Sleep And The Immune System – How Lack Of Sleep Affects The Immune System

Sleep and The Immune SystemSleep.

Sleep is important for the body.

Not getting sufficient sleep can affect our health.

Did you know that sleep and the immune system are closely intertwined? In this blog post, we will discuss the importance of sleep and how sleep deprivation (or lack of sleep), can affect the immune system.

Sleep – What IS Sleep?

What exactly is sleep? Although we all sleep, most of us would have a hard time describing exactly what sleep is.

Here are some characteristics that define sleep:

  • Sleep is a period of reduced activity.
  • Sleep means you are usually lying down with your eyes closed.
  • When you are sleeping, there is a decrease in responsiveness to external stimuli.
  • Sleep is a state that is relatively easy to reverse.

 

Physiological Changes

The body goes through some physiological changes during sleep. The body’s blood pressure and temperature drops. Plus our breathing and heart rate become very regular during non-REM sleep.

Brain Activity

During sleep our brain activity changes from variable, random activity during wakefulness and REM sleep, to a more coordinated synchronous pattern during non-REM sleep.

How Much Sleep Should I Be Getting?

The amount of sleep each person needs will, to some degree, vary however here is a guideline for you:

Adult: an adult should be getting 7 – 8 hours of sleep to bolster the immune system

Sleep and The Immune System

Teens: teens need at least 9 – 10 hours of sleep

Younger Kids (Grade School age): younger kids should be getting 10 or more hours of sleep.

After reading the above guidelines, ask yourself if you are getting enough sleep.

 

 

 

The Importance of Sleep On the Immune System

We all know that sleep is important. But do you REALLY know WHY?

Sleep is a natural state that our bodies need to be in order for us to be healthy.

While we are sleeping our immune system produces and releases cytokines.

What Are Cytokines?

Cytokines Sleep and The Immune System

 

Cytokines are a category of small proteins that are important in cell signalling.

This type of protein targets infection and inflammation. Cytokines are both produced and released during sleep.

Certain cytokines MUST increase when you have an infection, inflammation or you are under stress. This is why sufficient sleep is so important.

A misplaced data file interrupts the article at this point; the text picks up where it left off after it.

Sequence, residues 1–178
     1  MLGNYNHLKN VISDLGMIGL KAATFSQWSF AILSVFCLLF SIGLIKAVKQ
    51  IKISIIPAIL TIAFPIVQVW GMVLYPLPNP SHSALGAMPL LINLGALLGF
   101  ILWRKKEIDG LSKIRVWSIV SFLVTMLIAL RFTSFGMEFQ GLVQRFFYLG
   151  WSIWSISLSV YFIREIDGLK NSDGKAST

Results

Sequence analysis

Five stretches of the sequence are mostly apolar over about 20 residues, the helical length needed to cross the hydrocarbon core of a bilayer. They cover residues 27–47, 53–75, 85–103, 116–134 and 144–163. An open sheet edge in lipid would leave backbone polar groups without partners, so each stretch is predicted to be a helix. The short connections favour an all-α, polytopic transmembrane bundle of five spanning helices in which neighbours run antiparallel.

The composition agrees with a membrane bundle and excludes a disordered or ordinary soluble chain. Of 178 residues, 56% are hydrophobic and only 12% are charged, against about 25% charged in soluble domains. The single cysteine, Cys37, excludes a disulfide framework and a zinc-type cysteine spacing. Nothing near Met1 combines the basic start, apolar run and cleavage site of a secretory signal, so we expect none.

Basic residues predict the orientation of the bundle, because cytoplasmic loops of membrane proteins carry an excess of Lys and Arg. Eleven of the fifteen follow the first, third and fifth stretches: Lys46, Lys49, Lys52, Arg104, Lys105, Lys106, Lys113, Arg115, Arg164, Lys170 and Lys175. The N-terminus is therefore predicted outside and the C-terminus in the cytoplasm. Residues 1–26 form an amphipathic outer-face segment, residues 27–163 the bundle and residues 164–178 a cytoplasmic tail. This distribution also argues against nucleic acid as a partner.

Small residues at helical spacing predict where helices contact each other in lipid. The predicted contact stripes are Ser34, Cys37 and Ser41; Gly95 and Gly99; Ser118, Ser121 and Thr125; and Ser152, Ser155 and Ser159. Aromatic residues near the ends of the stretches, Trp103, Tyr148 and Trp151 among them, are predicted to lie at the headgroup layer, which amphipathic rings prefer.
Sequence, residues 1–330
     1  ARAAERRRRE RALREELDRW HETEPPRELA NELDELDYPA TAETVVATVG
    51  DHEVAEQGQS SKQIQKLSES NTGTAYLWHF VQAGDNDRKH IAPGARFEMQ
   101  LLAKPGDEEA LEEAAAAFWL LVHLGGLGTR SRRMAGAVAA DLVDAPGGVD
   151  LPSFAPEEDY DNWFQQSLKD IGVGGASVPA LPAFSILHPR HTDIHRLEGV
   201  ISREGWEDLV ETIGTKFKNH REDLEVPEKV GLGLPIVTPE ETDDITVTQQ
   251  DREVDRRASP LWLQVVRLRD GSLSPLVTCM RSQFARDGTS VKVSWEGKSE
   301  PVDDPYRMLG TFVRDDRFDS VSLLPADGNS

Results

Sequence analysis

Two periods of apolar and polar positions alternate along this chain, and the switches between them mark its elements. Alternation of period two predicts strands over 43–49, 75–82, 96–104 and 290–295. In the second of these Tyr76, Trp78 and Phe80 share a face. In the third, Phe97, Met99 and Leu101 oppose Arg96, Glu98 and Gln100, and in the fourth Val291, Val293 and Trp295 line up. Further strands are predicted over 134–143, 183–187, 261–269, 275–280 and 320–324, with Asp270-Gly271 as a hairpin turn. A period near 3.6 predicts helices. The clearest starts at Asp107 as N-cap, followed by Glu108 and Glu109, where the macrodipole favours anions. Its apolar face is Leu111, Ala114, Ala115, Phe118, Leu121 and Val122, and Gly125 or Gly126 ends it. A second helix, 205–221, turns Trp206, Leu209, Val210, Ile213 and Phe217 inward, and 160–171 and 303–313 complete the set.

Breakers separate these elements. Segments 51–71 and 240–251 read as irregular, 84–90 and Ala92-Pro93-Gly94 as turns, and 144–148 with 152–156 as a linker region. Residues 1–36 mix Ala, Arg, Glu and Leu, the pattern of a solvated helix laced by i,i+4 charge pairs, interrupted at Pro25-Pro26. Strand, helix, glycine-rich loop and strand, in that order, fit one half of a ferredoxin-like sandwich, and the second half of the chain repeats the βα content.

Without sufficient sleep, your body makes fewer cytokines. Fewer cytokines means that your body has less of these important proteins to help fight off infection and inflammation.

Poor sleep or not enough sleep can increase inflammation, blood pressure, insulin resistance, cortisol (stress hormone), cause weight gain and cardiovascular disease.

Many studies have shown that people who don’t get enough sleep are more likely to get sick after being exposed to a virus. With this new Coronavirus going around, a good sleep is now even more important to help keep the immune system strong!

In one recent study on sleep, scientists discovered that a good quality sleep can bolster the T cells in your body that fight infection. A good sleep enhances the ability of the T cells to stick to and destroy cells infected by viruses and other pathogens.

 

 

How To Catch Up On Sleep

Of course, there are going to be times, when your sleep hygiene, no matter how hard you try, is not at its best. Having a baby, or young kids, or a child with a disability, can throw a wrench in a proper sleep schedule.

The good thing is that you can always nap to help to catch up on the sleep you need. Two naps no longer than 30 minutes, help decrease stress and offset the negative effects sleep deprivation has on the immune system.

The best way to take these naps is to have one 30 minute nap in the morning (mid-morning) and one in the afternoon (early afternoon).

natural-ways-to-strengthen-your-immune-system

 

Sleep and Your Gut Microbiome

Sleep and The Immune System

 

As a nerd of all things gut related, I wanted to cover sleep and the gut as well.

There is growing evidence to suggest that gut microbiome can influence sleep quality.

Sleep is a physiological state that is linked to the immune system, however sleep and the brain-gut microbiome axis (BGMA) is largely understudied, leaving very little known about the effects of sleep deprivation on the gut.